David Anderson, 66, also was sentenced to three years of probation and ordered to pay $6,500 in restitution to three victims, according to the Washington County District Attorney’s Office.

In an April plea agreement with prosecutors, Anderson pleaded guilty to theft by deception. He was charged with a Class B crime because what he stole was valued at more than $10,000, according to Paul Cavanaugh, first assistant district attorney for Washington County.

Cavanaugh said Tuesday that Anderson offered items, including a large collection of baseball cards he had inherited from his father, for sale on the Internet between 2001 and 2005. After some of the sales were completed, local police and authorities in states where his customers lived, complained that the merchandise either never arrived or was not in the condition described by Anderson.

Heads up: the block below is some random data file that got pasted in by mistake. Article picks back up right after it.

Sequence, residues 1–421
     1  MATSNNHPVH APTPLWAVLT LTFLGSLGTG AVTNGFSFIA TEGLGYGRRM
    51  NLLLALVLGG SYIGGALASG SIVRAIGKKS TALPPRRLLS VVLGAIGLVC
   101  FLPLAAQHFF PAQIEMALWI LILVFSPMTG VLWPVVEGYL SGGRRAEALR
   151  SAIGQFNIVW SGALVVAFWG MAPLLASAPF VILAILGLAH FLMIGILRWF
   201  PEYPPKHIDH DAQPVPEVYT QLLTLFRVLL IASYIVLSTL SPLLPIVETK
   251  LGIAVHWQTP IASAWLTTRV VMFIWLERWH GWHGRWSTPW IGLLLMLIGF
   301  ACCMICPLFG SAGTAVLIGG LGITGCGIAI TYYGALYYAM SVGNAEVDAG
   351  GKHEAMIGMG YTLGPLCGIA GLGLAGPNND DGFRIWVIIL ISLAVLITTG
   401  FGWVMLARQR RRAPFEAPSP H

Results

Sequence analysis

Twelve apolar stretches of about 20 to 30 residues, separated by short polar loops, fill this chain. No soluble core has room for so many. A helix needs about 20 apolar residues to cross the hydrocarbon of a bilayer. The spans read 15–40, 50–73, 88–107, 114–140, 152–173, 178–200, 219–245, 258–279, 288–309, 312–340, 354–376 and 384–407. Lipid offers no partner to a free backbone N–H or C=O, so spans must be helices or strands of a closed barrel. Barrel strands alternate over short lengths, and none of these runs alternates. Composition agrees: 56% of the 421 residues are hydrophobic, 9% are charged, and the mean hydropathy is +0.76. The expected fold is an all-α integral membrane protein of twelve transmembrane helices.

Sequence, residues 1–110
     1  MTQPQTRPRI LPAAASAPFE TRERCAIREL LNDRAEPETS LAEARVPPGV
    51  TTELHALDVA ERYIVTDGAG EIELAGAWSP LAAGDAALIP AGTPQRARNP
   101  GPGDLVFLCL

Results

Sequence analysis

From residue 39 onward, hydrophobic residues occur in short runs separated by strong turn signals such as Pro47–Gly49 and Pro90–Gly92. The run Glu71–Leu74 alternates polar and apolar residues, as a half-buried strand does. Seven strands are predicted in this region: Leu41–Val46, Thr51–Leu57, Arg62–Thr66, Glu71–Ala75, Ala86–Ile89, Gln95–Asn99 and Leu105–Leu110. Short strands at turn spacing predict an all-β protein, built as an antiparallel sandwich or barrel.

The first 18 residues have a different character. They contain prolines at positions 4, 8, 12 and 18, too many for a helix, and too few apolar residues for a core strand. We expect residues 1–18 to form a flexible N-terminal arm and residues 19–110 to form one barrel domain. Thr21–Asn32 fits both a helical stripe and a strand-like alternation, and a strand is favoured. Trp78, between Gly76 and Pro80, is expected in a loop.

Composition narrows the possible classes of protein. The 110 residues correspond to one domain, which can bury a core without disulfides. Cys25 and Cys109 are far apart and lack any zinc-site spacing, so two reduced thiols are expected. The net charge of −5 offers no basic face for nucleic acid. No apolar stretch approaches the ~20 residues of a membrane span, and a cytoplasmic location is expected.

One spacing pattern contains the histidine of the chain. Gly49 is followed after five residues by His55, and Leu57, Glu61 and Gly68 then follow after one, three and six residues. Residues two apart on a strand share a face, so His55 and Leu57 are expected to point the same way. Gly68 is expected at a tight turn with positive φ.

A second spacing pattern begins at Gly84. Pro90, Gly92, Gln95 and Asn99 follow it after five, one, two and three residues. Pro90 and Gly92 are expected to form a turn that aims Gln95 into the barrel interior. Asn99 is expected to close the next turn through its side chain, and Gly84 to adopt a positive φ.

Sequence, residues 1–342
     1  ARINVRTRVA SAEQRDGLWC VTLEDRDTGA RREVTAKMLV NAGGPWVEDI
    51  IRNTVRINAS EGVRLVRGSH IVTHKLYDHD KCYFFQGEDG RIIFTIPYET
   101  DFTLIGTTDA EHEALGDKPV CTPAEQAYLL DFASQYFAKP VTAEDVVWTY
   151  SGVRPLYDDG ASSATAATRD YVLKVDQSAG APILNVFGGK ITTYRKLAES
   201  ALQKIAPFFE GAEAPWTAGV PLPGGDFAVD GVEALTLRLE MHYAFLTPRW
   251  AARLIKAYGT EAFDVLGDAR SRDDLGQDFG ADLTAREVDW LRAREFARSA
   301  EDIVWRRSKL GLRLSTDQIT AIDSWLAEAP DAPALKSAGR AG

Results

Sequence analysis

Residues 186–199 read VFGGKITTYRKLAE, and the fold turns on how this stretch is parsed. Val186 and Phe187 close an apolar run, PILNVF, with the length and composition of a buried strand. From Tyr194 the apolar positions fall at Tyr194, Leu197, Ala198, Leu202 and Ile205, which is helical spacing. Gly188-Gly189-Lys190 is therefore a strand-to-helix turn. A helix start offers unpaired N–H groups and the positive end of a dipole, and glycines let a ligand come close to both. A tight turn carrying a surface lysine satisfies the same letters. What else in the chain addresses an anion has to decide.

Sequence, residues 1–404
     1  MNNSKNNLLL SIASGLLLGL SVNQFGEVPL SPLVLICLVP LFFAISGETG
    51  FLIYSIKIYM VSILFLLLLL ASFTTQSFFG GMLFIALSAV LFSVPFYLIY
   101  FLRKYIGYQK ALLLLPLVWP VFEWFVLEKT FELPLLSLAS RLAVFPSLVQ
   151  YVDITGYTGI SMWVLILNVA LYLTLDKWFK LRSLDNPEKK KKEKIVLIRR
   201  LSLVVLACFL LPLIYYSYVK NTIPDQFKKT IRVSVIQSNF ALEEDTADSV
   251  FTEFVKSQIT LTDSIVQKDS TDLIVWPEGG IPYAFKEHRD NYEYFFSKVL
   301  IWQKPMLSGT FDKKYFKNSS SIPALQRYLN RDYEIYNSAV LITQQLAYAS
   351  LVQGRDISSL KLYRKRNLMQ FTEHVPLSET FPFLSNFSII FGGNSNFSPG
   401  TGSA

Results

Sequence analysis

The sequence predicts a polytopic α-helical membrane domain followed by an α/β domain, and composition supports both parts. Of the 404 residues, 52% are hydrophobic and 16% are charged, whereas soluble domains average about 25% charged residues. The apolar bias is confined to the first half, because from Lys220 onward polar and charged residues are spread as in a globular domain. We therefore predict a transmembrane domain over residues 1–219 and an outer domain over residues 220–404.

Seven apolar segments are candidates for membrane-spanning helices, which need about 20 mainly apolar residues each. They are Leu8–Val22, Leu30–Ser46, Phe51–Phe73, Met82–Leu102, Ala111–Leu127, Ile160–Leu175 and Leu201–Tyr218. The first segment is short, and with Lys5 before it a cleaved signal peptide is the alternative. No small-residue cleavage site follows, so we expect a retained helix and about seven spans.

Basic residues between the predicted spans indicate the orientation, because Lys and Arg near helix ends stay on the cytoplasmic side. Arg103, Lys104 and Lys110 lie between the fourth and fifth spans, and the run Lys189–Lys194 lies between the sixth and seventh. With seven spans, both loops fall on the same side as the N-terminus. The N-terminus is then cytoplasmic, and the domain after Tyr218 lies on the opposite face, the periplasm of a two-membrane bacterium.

Cavanaugh said Tuesday that Anderson’s victims numbered 25 and their losses were estimated at $87,000.

via  – Bangor Daily News.

Court Rejects General Duty of Care

For most people on a day to day basis, there is no duty of care owed to other people. Some people do have a duty, such as doctors who have a duty to their patients, or landlords who have a duty to their tenants. In a recent case, the Maine Supreme Court weighed if people owe a duty to others if action could prevent further harm.* So while you may be considered a hero if you save someones life who is in danger, you do not have a legal obligation (unless you put that person in the danger).